Some said that offering a hot shower or a safe place to camp or park overnight helped ease their burden for a little while.
But some also said it’s O.K. to set boundaries for yourself.

Many said that simply offering fresh food, clothing, blankets, water, batteries or hygiene products directly to people living outdoors was helpful.

Saturday, November 23, 2019

Stephen's Catchy Jingle Makes The Trump Impeachment Inquiry Easy To Unde...

Need to Impeach

Need to Impeach Logo


Impeachment continued to build momentum in Washington, D.C. this week thanks to impeachment supporters who made calls, sent emails, and took to the streets last month. In October, impeachment supporters attended and asked questions about impeachment at more than 137 town halls. In November, Congress has taken notice. We’ve now heard from multiple key witnesses who are confirming some of the most damning facts about Trump’s use of military aid to pressure Ukraine to interfere in our elections.

If you didn’t catch all 24+ hours of this week’s public impeachment hearings or need a 2-minute summary, here are the key takeaways:

Tuesday, November 19th:
  • Lt. Col. Alexander Vindman testified that he was so disturbed by Trump’s July 25th call that he immediately brought his concerns to the NSC lawyers, and he confirmed that Amb. Sondland raised politically motivated investigations to the Ukrainian delegation in a meeting John Bolton was forced to cut short. He also confirmed that no one supported Trump’s inexplicable decision to freeze military aid to Ukraine.
  • Jennifer Williams pointed out an omission in the “transcript” of the July 25th phone call that the White House released. It failed to include mentions of Burisma, which is evidence of a coverup on the part of the Administration.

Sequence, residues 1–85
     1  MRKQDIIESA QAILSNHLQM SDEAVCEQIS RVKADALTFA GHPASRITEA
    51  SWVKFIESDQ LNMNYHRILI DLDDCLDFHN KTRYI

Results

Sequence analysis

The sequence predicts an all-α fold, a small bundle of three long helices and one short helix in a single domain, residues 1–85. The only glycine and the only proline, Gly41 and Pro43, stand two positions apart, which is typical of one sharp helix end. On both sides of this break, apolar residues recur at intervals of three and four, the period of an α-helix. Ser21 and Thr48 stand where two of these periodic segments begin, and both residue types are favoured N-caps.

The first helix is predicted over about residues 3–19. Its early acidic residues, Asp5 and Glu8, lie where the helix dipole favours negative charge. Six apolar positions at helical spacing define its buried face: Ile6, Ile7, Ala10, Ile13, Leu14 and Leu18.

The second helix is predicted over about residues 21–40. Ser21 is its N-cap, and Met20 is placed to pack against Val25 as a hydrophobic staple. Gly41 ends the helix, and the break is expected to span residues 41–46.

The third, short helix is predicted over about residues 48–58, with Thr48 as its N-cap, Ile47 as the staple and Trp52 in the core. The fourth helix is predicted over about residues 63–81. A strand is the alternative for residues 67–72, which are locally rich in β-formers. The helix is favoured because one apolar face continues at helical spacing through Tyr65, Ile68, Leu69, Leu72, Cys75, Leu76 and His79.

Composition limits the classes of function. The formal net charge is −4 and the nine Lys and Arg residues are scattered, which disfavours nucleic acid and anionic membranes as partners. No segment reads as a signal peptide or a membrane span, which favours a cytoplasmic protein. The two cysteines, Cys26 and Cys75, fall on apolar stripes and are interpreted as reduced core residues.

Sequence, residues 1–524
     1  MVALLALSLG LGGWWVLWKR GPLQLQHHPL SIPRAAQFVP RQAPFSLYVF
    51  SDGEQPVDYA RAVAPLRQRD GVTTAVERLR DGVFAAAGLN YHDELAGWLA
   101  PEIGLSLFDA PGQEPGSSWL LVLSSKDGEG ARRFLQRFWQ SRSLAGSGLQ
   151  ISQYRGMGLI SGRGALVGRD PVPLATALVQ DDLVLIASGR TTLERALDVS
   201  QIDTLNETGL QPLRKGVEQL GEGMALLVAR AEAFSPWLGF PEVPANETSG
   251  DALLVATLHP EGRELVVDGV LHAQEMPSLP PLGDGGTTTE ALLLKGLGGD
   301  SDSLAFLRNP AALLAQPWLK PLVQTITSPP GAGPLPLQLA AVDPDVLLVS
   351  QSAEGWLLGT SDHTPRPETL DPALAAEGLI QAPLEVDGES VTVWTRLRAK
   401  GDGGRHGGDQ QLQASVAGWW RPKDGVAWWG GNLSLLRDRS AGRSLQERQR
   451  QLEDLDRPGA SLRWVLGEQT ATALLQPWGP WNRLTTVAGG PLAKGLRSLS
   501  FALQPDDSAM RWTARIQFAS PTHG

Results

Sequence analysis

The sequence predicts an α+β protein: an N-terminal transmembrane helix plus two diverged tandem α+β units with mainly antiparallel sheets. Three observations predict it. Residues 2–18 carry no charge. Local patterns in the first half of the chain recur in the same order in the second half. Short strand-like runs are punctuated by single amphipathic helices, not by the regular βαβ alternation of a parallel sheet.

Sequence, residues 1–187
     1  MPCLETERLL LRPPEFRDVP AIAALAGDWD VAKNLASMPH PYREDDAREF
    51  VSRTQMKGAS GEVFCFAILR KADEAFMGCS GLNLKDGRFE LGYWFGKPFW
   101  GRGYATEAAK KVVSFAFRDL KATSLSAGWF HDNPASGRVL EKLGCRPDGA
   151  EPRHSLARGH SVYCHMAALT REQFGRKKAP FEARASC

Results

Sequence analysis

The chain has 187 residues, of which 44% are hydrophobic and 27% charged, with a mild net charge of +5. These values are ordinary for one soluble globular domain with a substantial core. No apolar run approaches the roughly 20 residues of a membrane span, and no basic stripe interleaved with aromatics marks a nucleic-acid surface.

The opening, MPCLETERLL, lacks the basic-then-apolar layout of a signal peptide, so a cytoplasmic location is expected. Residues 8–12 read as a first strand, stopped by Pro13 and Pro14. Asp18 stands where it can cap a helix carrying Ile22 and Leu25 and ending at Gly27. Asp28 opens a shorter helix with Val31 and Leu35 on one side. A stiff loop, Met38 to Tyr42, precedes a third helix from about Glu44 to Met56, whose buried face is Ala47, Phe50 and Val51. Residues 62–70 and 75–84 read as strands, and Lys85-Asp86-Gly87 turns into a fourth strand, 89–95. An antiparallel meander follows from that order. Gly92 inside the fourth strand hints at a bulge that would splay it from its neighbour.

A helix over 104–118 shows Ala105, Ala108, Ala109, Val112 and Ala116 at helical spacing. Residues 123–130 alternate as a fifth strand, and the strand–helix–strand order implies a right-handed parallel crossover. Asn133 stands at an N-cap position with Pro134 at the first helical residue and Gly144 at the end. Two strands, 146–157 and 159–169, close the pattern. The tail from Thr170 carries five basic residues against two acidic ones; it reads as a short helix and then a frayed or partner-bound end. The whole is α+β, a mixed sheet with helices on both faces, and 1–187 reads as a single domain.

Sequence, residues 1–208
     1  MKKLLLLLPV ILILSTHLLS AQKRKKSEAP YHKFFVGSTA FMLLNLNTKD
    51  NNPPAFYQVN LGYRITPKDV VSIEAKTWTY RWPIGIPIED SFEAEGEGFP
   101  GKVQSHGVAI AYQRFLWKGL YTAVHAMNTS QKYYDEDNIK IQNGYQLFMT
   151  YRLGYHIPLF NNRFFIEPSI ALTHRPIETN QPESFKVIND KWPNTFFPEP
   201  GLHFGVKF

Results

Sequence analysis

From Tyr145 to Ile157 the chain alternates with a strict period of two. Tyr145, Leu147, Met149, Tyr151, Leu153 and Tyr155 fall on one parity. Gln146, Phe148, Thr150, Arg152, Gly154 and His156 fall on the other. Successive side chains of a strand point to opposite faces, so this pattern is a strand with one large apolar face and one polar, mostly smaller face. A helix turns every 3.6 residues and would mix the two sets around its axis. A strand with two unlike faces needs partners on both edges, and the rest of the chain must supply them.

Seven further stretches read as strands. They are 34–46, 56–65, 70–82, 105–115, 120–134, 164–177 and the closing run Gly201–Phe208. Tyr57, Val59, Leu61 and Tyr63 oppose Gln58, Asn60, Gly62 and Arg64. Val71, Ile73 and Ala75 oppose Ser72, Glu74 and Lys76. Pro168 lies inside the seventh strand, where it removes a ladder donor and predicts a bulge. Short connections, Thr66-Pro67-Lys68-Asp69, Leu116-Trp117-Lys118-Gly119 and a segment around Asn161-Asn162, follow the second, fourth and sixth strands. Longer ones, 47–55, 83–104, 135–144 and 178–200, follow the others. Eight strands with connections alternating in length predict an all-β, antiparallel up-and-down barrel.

• Kurt Volker made it clear that there was and remains no evidence that Joe Biden acted improperly in Ukraine. The former Vice President did not try to shut down an investigation into his son’s company and Volker says that Trump’s attempts to launch an investigation into Burisma were baseless.
  • Tim Morrison testified that he understood clearly, from conversations with Ambassador Sondland, that Zelensky had to announce an investigation into Trump’s political rival in order to receive the congressionally approved foreign aid.
Wednesday, November 20th:
  • Ambassador Gordon Sondland declared, in no uncertain terms, that there was a quid pro quo between this administration and Ukraine. He also makes it clear that this was not just a case of a few bad actors. Those at the highest level, including Secretary Pompeo and Trump, knew about this corrupt deal.
  • Laura Cooper confirmed the timeline. In direct contradiction of a Republican talking point, Cooper testified that Ukranian officials knew about the hold on security assistance just hours after the July 25th phone call.
  • David Hale, one of the Republicans’ own witnesses, testified that withholding aid to a desperate ally is “unusual,” “completely inappropriate,” and just plain “wrong.”